Theresa May Really is ‘Strong and Stable’ | Callum R. Dann

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Another election over. Another democratic process seen through despite recent attempts to stop it. During the post-election season, you are bound to read a lot of articles and a lot of negative commentary on Theresa May. While this phase flattens out, we can all be characterised by a sign that was held up during Margret Thatcher’s funeral. Among the chaos, a silk sign read: “BUT WE LOVED HER”. That is how many Conservative members, supporters and voters were feeling this morning with rumours of May resigning and Corbyn forming the ‘coalition of chaos’. Thankfully, May has proven ‘strong and stable’, standing up to the Party Elite. Is there really an argument to be had for Theresa?

Yes. This election, if nothing else, has proven Theresa May is ‘strong and stable’. She won. She got her mandate, in very uncertain terms.

318 seats. 42.4% of the vote. It was 1983 last time the Conservatives got 42.4%. The left will now claim May does not have a mandate as she does not have majority of the seats. The alt-right will now claim May does not have a mandate as she lost seats. Those sensibly looking at the result will see this is a clear acceptance of May’s policies. Just this morning Labour were saying they were happy to govern in a minority government, yet now they bash and dash Theresa May for carrying out what her party were elected for? Hypocrisy. Holding the most seats and obtaining the highest vote share is a clear instruction that the “many” want Theresa May, more so than want Corbyn – that makes Corbyn “for the few”.

What makes Theresa May ‘strong and stable’, then? In short: she stood against the Conservative elites, Boris Johnson and those stinging for a leadership ballot, and stood defiant outside Downing Street, regardless of her proposed ‘embarrassment’. In long: Theresa May had the “balls” to call this election. No doubt, this was the worst mistake of her political career and she will be punished for it in due course. She then gets wholly ruined in the polls; if Theresa May wasn’t strong and stable she would have walked off and abandoned the fire she started. Instead, she is taking the ship with both hands. Steering it away from the iceberg. That – right there – is what ‘strong and stable’ is. The legacy of ‘Mayism’ will be defiance. She triggered Article 50 and will now see the will of the people is carried out.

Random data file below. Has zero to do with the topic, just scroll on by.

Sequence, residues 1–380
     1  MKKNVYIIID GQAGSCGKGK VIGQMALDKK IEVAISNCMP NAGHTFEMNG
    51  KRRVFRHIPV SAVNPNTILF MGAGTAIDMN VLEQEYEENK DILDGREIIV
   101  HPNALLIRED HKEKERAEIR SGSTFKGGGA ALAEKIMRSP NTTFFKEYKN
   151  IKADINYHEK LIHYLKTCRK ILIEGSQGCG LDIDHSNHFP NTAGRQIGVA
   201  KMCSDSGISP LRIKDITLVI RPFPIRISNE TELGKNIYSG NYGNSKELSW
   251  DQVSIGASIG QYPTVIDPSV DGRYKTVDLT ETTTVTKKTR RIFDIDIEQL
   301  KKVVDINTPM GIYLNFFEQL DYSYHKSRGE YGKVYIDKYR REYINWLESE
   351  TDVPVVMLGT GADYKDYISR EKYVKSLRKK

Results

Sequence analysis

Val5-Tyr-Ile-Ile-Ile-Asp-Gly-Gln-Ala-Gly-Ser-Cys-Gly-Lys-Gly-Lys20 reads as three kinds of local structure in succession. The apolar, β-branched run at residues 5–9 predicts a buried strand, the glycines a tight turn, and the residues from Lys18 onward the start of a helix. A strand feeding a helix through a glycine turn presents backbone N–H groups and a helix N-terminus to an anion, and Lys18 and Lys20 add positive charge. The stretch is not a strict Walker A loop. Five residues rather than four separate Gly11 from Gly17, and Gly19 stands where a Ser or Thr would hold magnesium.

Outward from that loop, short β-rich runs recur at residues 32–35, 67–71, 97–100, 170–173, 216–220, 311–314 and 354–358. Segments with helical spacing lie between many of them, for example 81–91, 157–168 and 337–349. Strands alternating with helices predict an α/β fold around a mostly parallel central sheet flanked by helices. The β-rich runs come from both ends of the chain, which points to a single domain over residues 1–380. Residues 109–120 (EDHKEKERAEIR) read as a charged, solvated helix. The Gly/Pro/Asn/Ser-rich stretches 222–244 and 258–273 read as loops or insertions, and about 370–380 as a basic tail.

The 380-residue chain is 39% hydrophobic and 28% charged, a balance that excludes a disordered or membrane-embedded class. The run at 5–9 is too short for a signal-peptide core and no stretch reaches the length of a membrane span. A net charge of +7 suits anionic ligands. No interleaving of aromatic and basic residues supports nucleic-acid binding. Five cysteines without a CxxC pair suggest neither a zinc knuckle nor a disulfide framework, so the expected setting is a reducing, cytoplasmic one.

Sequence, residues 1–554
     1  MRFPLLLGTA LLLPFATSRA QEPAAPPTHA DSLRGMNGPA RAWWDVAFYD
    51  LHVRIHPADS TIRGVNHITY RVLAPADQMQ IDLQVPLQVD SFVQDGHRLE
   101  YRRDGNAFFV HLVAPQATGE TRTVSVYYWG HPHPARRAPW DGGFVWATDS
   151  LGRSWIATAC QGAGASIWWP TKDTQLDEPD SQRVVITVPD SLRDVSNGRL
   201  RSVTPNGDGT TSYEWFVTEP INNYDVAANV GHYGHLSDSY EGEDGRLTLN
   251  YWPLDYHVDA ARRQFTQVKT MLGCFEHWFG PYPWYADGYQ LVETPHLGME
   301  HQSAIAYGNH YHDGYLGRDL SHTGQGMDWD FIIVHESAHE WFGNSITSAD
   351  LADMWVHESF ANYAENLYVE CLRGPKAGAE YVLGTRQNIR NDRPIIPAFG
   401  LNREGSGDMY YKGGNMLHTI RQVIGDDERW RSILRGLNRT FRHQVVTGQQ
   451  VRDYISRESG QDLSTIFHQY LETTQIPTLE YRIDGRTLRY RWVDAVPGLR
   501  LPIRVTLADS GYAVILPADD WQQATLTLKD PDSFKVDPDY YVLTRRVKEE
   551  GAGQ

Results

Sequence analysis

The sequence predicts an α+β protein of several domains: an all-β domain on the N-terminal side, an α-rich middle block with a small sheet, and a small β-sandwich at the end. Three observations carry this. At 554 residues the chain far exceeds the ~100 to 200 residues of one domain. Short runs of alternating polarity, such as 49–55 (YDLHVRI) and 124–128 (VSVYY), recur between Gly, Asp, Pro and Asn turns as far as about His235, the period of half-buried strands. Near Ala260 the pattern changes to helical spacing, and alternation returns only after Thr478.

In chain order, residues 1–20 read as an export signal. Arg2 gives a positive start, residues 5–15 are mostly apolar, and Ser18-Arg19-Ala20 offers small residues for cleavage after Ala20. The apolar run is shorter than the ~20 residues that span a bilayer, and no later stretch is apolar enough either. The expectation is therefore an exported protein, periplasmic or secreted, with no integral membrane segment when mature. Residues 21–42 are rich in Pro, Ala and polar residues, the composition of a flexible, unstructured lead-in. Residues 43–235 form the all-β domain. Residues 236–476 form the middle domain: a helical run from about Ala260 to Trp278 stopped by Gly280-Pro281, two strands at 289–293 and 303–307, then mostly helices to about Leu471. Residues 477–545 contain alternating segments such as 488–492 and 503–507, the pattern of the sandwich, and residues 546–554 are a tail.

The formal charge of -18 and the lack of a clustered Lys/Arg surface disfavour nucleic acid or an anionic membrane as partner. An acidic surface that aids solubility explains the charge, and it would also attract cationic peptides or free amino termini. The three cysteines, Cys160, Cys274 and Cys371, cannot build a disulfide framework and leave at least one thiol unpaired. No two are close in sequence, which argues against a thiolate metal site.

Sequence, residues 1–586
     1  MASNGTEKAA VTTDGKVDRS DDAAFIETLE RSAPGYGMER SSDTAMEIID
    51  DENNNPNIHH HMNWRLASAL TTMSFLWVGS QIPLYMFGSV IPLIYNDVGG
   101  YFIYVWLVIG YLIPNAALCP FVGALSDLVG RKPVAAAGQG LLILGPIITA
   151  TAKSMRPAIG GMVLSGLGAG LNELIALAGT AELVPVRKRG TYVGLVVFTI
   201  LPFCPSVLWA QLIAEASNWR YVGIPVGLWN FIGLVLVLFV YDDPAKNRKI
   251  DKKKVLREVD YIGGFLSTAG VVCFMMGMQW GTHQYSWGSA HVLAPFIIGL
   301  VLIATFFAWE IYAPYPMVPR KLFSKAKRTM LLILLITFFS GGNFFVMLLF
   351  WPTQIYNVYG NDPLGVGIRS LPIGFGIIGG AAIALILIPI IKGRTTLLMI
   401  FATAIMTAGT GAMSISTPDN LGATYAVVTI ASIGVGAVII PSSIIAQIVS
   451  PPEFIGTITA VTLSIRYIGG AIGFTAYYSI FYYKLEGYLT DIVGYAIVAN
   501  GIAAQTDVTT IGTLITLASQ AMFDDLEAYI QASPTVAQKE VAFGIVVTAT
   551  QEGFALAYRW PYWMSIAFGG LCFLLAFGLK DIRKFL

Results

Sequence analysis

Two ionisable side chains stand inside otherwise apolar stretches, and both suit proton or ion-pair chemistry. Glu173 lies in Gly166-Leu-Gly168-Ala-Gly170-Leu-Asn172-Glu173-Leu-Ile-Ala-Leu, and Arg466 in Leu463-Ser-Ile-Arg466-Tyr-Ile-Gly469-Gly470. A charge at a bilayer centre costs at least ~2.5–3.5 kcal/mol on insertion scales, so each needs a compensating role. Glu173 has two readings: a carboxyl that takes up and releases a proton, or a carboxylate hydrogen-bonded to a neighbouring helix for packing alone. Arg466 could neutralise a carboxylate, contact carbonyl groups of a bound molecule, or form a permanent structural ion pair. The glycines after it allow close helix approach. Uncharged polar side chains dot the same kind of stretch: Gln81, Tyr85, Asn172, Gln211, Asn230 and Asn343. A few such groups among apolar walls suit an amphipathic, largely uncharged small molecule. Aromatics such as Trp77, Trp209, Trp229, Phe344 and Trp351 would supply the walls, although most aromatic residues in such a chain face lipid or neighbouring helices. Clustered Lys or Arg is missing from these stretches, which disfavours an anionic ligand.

The unofficial, working-coalition may not be perfect. Importantly, however, we must remember that it will be the Conservatives running government, not the DUP. The Democratic Unionists will not be dictating government policy. Personal and independent views on the DUP are not something that can be used against Theresa May or the Conservatives. Ask yourself a simple question – if your ‘side’ had won, would you have supported a coalition with the SNP, or Liberal Democrats, or UKIP(!!)? Needless to say, the division and hate currently floating around is simply based on the anger of the left and their denial of the vote. Respect democracy. Respect the voice of the people.

The best thing the left, who are in opposition, could do would be to accept the result. Once the country has accepted the result we can get on with the real debates. Brexit. NHS. Social Care. Etcetera. The exciting prospect of actually having an opposition in this parliament is nothing short of rousing. But post-results, while you stimulate and intoxicate yourself with information, you must accept that Theresa May was strong and stable and she has a democratic mandate to build a government. You shouldn’t forget, Corbyn said no deals yet was getting seemingly touchy-feely with the SNP. The ‘coalition of chaos’ was not some election slogan. It could have been a reality.

‘Strong and stable’. Mayism and May herself sure have their fate secured in history. For better or worse.

Theresa May Really is ‘Strong and Stable’ | Callum R. Dann Theresa May Really is ‘Strong and Stable’ | Callum R. Dann Reviewed by Student Voices on 19:20 Rating: 5

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